ND> a lot of the cost is in energy wasted due to monumental leakage; and much of the rest is due to the immense distances everything must travel. They don't have the technology, even for very-high-pressure pipelines (which minimise waste), nor - or so they loudly claim! - for compressors.

I read that Gazprom has 632,000 km of gas pipeline - further than the moon, so no wonder they struggle to keep it all maintained and unleaky! Also that the Yamal–Europe pipeline (trough Poland) uses 10% of the gas it pumps to run the compressors to get it that far - makes you wonder if LNG and ships is more efficient at that distance nowadays.

Also that Nord Stream runs at much higher pressure than their other gas pipelines, which is why they need Siemens (was Rolls-Royce before a takeover in 2014) 52 MW compressors. Apparently current Russian made compressors are only 25 MW, but they are developing a 65 MW one for ~2024.



jim said...

The FT has an interesting graphic from Cornwall Insight which indicates overall energy prices still high but levelling off Q3 2023. But with a long way to fall back to winter 2021/22. The question is will energy prices fall?

Are we beating Mr Putin - are the sanctions working. If not what comes next. Obviously HMG does not want to frighten the children but energy bills up around the £4500 region don't seem sustainable. Germany is also going to be taking pain - the question is for how long. I suspect Cornwall Insights are being a bit hopeful. Much more pain to come. How long before someone asks how about a nuke - just a little one - or two or three.

The doctrine so far has been MAD - nuke as an all or nothing option. But need that be always the case. Perhaps the protagonists need a referee - you get three goes and then you get three goes. If you want to go into the next round we can try another three each.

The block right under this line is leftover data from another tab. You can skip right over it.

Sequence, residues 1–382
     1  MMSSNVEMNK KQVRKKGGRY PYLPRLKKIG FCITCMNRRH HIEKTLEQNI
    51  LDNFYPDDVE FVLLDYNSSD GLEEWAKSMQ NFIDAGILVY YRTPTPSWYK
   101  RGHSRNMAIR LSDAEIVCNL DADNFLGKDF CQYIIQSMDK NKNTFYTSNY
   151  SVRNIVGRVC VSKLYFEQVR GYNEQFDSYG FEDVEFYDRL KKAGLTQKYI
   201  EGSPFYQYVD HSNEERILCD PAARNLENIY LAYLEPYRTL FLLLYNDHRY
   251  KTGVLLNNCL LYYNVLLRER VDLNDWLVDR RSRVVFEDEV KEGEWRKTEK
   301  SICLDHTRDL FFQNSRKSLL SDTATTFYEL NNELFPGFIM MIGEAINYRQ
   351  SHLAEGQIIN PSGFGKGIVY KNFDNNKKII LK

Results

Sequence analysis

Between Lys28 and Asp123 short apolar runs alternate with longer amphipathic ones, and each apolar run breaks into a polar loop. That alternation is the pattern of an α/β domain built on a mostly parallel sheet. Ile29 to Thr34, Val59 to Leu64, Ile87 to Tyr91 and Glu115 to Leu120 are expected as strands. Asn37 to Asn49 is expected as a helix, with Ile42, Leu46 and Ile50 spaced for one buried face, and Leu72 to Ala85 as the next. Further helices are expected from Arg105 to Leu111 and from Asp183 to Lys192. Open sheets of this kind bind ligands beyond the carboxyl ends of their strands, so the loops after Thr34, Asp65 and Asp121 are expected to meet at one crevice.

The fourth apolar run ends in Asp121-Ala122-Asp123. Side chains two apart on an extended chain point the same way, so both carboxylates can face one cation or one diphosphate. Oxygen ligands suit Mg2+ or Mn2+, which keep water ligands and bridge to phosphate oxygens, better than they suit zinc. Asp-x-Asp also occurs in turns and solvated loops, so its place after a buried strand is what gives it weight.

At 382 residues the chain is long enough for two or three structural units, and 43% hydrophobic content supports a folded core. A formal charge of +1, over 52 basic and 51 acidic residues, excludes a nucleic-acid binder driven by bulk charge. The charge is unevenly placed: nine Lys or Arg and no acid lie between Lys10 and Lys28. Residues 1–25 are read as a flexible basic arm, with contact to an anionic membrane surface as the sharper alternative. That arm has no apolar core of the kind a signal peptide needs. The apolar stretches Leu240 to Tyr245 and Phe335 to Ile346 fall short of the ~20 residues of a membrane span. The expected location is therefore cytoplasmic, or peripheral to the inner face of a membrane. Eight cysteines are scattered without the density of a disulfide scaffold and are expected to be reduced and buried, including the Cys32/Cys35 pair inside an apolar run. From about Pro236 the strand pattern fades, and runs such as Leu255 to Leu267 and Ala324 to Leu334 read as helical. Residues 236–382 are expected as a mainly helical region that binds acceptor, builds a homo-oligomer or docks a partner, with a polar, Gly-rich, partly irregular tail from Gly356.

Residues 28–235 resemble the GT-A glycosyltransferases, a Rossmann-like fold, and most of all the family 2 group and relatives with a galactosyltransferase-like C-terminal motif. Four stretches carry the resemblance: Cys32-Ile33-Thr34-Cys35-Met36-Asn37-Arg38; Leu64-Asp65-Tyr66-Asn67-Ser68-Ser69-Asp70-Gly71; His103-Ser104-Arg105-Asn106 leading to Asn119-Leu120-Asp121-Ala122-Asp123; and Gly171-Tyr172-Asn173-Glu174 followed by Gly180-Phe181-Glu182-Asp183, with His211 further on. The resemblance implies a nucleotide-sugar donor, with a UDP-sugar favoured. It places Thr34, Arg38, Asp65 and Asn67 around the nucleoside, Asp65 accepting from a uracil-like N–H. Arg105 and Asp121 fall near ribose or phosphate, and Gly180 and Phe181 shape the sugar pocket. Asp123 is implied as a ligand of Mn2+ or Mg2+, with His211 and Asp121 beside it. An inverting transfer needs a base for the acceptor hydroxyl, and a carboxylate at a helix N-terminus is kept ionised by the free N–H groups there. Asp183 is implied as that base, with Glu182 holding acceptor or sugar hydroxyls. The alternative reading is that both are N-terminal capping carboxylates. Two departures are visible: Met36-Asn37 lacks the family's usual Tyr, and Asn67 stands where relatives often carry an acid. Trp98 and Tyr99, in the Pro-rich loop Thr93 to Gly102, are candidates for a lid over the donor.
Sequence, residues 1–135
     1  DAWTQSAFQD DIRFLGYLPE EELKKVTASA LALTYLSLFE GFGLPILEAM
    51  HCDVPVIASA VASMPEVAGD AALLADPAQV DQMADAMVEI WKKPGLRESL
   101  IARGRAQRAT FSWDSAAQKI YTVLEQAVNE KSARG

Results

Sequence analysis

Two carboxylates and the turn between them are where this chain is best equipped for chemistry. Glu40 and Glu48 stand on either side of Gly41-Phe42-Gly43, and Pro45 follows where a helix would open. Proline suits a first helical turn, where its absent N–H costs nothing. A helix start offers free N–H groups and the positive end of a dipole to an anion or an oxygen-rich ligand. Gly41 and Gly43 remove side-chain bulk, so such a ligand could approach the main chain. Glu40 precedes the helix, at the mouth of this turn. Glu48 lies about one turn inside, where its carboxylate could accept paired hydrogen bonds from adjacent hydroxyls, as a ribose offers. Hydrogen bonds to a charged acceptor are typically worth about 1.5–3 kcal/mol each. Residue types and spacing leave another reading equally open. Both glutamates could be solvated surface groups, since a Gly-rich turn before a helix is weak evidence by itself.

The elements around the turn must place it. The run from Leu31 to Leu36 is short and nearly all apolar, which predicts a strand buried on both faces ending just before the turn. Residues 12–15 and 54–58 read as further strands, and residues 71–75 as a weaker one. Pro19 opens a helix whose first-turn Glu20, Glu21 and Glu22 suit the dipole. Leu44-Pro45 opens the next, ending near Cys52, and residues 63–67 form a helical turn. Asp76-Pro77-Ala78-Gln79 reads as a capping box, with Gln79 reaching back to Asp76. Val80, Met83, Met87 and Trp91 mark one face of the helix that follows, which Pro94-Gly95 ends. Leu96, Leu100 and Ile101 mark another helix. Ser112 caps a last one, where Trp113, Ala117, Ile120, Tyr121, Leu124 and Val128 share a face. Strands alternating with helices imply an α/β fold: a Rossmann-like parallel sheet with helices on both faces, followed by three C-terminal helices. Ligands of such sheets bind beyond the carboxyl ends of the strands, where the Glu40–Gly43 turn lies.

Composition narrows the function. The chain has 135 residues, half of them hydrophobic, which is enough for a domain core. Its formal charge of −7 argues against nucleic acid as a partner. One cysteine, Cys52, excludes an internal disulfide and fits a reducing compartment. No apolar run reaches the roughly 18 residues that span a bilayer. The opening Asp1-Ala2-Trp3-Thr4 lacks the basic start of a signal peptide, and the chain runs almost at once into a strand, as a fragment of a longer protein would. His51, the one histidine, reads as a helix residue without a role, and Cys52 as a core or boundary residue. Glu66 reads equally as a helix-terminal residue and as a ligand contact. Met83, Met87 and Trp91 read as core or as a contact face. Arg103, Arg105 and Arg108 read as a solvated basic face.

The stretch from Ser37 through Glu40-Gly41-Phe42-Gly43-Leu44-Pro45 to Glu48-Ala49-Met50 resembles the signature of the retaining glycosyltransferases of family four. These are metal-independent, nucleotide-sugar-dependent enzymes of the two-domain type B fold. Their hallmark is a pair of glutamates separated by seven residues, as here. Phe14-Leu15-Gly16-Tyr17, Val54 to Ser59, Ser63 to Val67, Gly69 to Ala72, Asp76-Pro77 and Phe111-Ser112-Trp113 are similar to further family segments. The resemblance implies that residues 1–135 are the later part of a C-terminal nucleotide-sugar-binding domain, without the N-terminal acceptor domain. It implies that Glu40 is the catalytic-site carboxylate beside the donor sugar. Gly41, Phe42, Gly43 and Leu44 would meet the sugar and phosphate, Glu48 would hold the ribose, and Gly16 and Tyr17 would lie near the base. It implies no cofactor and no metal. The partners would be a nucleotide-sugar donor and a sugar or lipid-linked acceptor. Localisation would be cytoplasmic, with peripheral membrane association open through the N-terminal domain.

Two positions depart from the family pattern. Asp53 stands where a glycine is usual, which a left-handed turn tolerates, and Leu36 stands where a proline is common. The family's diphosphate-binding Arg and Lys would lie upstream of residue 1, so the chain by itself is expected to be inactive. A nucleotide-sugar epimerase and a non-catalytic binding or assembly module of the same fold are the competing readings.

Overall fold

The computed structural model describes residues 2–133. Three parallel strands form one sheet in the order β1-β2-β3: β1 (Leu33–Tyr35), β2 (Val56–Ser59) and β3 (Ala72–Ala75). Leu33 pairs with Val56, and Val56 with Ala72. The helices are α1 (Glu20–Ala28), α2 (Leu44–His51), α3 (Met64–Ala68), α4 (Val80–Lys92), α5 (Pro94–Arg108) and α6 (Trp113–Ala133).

Now the loss of Westminster and Neasden might be bearable and the Yanks might tolerate downtown Hoboken and Frisco (it is after all their proxy war). The Germans might usefully lose bits of Berlin and Munich and for the French - well La Defense is pretty ugly anyway. The trouble is deciding when you have had enough - when energy costs of £4500 or even £6000 start to look good. How much would Putin have to lose before he decides to pack it in - or go full Tonto. Something for the military planners to consider.

Meanwhile, a friend in leafy Surrey is ripping out his electric fire, sweeping the chimney, chasing the spiders off the iron grate and ordering a pallet load of smokeless coal from Up North.

Nick Drew said...

@ I read that Gazprom has 632,000 km of gas pipeline ... no wonder they struggle to keep it all maintained and unleaky!

I have a very funny anecdote on this from my days in Russia. Over a beer maybe. Or another post on a slow day.

dearieme said...

On the proletarians being a bunch of spoiled sissies: when I used to take offspring to school, we'd cycle together. And in September so would almost everyone else. But come the first cold snap is was yer bourgeoisie who kept cycling: Marx's Elect immediately started driving.